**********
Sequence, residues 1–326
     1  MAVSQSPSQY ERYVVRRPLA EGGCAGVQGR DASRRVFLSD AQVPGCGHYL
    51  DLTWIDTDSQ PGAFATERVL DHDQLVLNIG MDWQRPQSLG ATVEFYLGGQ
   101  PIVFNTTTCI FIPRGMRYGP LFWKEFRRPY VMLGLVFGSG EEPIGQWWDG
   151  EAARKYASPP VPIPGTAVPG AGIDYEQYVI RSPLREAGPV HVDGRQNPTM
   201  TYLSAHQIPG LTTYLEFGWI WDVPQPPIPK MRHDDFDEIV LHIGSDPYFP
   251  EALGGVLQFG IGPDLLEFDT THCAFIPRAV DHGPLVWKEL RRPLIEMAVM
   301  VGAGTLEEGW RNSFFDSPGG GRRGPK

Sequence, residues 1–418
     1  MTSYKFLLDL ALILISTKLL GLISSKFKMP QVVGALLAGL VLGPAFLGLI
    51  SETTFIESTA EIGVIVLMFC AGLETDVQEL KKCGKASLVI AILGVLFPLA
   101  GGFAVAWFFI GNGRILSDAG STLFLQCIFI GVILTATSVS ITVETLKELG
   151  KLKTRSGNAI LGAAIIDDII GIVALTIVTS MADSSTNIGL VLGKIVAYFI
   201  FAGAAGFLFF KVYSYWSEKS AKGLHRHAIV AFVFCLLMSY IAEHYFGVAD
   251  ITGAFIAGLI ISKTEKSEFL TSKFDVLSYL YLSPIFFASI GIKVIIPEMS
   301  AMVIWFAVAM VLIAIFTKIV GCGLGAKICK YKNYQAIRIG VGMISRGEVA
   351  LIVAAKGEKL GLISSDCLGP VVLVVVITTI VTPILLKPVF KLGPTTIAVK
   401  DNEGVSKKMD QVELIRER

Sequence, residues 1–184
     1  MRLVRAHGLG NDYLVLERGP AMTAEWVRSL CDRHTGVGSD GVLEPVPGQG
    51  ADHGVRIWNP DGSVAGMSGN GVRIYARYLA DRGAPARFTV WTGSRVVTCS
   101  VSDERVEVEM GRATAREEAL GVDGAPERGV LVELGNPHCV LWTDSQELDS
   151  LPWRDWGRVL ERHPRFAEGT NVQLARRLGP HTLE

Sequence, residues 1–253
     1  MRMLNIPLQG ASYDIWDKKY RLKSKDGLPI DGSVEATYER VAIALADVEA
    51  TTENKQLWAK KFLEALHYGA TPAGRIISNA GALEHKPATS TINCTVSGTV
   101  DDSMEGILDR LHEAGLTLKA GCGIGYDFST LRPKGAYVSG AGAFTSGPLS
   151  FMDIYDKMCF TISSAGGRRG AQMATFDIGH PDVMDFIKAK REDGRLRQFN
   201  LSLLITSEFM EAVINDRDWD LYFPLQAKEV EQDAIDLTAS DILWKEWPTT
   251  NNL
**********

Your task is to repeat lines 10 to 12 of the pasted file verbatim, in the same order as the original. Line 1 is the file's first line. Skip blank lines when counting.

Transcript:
     1  MTSYKFLLDL ALILISTKLL GLISSKFKMP QVVGALLAGL VLGPAFLGLI
    51  SETTFIESTA EIGVIVLMFC AGLETDVQEL KKCGKASLVI AILGVLFPLA
   101  GGFAVAWFFI GNGRILSDAG STLFLQCIFI GVILTATSVS ITVETLKELG